11. Because I am not expected to be my family’s primary breadwinner, I have the luxury of prioritizing factors other than salary when choosing a career path.
  12. I have the privilege of being unaware of my female privilege.

While I can't speak for Ballgame, I do not intend, in contributing to this list, to advance the idea that men are being oppressed by the Matriarchy. I certainly don't feel oppressed**. What I'm trying to do is refute the notion that either sex is privileged over the other.

Of course, I don't deny that there are certain privileges given to men that are not given to women. What I reject is the concept of Male Privilege: The idea that men are unambigously privileged over women. In reality, women have their own privileges, and very often privilege and obligation go hand in hand. For example, Ampersand cites as an example of male privilege this: "If I have children and a career, no one will think I’m selfish for not staying at home." But the flip side of this is that a man faces much stronger social pressure to be his family's primary breadwinner. Certainly working mothers far outnumber stay-at-home fathers.

Which sex has the better package of privileges and obligations is largely a matter of personal preference. Yes, most feminists think men have it better, but that's because modern feminism, having little left to offer a woman who relishes her role as a full-time wife and mother, disproportionately attracts women who think they're getting a raw deal. This may also explain why lesbians tend to be overrepresented among feminists--denied male privileges and unable to take advantage of those female privileges tied to heterosexuality, they really do get a raw deal.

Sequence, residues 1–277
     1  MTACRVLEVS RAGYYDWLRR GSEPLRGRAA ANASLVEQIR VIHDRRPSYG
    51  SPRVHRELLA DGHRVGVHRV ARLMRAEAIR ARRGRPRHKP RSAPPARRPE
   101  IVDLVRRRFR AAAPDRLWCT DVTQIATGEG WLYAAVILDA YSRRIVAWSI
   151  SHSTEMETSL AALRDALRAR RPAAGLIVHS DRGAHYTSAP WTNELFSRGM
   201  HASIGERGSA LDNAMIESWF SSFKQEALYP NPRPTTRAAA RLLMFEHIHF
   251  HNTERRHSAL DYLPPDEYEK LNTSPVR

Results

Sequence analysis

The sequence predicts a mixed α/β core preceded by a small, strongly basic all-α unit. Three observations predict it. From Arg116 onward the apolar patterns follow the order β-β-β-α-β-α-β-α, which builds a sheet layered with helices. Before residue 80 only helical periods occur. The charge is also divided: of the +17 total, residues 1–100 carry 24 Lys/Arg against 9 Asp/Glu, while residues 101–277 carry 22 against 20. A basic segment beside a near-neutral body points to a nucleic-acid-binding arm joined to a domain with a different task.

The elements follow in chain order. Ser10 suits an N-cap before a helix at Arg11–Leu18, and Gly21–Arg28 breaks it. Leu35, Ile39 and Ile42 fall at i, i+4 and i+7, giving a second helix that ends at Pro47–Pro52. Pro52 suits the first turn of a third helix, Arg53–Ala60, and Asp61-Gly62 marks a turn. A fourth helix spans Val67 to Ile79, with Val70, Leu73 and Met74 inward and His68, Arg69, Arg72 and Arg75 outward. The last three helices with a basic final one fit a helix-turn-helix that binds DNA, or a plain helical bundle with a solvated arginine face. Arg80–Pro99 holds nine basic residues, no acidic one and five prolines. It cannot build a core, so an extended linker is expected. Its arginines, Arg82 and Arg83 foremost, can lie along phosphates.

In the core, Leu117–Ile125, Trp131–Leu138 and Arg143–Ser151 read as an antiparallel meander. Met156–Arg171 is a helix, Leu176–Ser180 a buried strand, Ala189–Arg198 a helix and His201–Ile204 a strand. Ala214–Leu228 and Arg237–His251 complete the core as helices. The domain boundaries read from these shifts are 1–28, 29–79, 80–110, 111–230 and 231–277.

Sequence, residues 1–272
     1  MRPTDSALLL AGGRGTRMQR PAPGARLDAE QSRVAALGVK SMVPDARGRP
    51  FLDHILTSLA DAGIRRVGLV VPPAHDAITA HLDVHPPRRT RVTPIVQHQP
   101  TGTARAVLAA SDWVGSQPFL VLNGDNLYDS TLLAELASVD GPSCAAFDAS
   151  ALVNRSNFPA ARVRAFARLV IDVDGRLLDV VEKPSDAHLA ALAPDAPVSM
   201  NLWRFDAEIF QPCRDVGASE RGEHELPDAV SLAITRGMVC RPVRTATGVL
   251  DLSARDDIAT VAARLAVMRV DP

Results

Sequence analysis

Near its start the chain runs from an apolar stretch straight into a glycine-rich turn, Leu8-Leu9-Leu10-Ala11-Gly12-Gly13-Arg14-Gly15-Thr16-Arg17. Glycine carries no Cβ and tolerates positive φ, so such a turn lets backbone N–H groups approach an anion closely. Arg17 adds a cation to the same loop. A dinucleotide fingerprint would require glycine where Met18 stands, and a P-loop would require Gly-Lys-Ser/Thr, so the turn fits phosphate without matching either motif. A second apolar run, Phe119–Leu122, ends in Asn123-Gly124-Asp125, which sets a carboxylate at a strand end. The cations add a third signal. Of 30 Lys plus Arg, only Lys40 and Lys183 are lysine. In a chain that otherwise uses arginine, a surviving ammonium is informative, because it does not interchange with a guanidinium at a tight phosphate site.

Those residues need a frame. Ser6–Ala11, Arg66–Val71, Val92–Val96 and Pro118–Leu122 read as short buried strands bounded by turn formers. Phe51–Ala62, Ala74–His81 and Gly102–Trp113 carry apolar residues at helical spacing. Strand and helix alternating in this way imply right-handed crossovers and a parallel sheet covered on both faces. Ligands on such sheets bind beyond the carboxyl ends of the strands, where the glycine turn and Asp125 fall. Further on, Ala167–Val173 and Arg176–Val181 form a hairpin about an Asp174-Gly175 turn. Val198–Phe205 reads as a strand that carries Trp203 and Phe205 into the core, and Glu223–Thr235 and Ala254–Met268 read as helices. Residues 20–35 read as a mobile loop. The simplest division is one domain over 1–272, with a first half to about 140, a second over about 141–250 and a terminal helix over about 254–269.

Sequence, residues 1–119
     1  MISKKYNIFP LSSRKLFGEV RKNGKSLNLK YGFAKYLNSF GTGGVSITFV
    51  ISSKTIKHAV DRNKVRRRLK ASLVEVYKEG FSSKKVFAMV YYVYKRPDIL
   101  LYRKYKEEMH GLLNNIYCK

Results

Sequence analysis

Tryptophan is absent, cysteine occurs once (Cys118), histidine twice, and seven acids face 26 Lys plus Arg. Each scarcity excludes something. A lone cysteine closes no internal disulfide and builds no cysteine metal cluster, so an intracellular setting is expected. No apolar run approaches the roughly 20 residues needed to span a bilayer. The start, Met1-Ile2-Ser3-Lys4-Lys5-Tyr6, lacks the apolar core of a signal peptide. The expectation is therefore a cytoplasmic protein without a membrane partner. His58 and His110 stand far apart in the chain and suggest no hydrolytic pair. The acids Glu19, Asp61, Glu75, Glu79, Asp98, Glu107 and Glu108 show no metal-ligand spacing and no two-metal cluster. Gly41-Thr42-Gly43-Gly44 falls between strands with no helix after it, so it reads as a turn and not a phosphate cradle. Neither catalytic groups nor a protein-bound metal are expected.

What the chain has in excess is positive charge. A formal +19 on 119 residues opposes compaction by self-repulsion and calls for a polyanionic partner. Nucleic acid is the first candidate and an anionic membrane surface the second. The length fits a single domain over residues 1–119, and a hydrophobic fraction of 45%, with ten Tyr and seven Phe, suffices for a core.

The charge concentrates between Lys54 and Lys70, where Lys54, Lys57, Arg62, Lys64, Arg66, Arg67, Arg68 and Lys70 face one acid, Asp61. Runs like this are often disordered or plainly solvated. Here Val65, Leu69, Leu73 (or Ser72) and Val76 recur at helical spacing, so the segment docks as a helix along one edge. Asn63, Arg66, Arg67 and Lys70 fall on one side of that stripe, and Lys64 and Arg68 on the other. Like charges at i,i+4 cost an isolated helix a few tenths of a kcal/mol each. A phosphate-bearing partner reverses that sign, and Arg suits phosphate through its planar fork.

*Yes, several of these items are shamelessly heteronormative. Because that's how we patriarchs roll.

**I note this because a common feminist tactic is to cast any attempt to point out female privileges as whining by men afraid of feminism's challenge to their own privilege. Of course, talking about Male Privilege is speaking truth to power, not whining.

On Consumption vs. Income Taxation

Quoth Megan McArdle, when asked why she doesn't support a shift from income tax to consumption tax in the form of unlimited IRAs:

Because with a decent tax code, there's no reason for the government to artificially bias peoples' choices towards savings and away from consumption. The bourgeois moral affection for savings is a socially useful cultural belief, but it is not actually a moral law. Savings is just time-shifted consumption. I see no moral difference between consumption now and consumption later.